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Doeg (2 syl.)

,

in the satire of Absalom and Achitophel, by Dryden and Tate, is meant for Elkaʹnah Settle, a poet who wrote satires upon Dryden, but was no match for his great rival. Doeg was Saul’s herdsman, who had charge of his mules and asses. He told Saul that the priests of Nob had provided David with food; whereupon Saul sent him to put them to death, and eighty-five were ruthlessly massacred. (1 Sam. xxi. 7; xxii. 18.)        

“Doëg, though without knowing how or why,

Made still a blundering kind of melody … .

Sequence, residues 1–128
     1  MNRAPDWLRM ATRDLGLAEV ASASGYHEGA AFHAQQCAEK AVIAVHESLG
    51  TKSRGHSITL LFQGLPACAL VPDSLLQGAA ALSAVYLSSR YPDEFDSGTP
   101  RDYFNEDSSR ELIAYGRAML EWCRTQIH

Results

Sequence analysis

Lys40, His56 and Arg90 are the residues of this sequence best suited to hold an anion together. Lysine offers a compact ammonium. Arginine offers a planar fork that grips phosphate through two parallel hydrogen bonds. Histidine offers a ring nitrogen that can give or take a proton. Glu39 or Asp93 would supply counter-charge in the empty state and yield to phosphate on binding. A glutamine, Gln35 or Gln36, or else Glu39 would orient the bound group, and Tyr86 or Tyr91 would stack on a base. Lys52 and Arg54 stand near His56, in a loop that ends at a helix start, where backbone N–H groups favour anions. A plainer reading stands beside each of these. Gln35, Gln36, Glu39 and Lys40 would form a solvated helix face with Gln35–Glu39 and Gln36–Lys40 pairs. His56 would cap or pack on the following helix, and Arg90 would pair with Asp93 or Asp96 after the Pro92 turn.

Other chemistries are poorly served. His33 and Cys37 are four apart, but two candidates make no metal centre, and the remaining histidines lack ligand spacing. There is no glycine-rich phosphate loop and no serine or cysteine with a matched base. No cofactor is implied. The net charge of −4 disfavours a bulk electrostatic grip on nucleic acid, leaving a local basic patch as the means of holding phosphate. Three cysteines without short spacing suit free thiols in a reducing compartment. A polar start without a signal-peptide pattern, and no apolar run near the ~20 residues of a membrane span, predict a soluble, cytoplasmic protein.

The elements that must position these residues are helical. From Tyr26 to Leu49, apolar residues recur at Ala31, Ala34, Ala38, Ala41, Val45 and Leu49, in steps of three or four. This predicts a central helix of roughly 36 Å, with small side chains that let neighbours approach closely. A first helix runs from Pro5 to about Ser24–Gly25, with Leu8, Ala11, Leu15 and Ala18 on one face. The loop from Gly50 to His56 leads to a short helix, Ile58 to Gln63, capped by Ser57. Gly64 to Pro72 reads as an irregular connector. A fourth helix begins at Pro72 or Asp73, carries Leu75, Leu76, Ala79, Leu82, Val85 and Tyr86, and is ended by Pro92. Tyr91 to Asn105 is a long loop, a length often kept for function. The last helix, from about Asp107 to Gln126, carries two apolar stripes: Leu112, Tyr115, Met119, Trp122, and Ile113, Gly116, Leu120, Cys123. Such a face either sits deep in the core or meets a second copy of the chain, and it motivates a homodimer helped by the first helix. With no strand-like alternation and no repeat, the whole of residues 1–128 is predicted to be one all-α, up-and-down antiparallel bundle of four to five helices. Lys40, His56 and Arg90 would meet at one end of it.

Let him rail on; let his invective Muse

Have four-and-twenty letters to abuse,

Which if he jumbles to one line of sense,

Indict him of a capital offence.”

1


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ABCDEFGHIJKLMNOPQRSTUVWXYZ

Entry taken from Dictionary of Phrase and Fable, edited by the Rev. E. Cobham Brewer, LL.D. and revised in 1895.

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Dodge About (To)
Dodger
Dodger
Dodington
Dodipoll
Dodman
Dodona
Dods (Meg)
Dodson and Fogg
Doe
Doeg
Doff
Dog
Dog and Duck
Dog-cheap
Dog-days
Dog-fall (in wrestling)
Dog-grass (triticum repens)
Dog-head (in machinery)
Dog-headed Tribes
Dog-Latin

See Also:

Doeg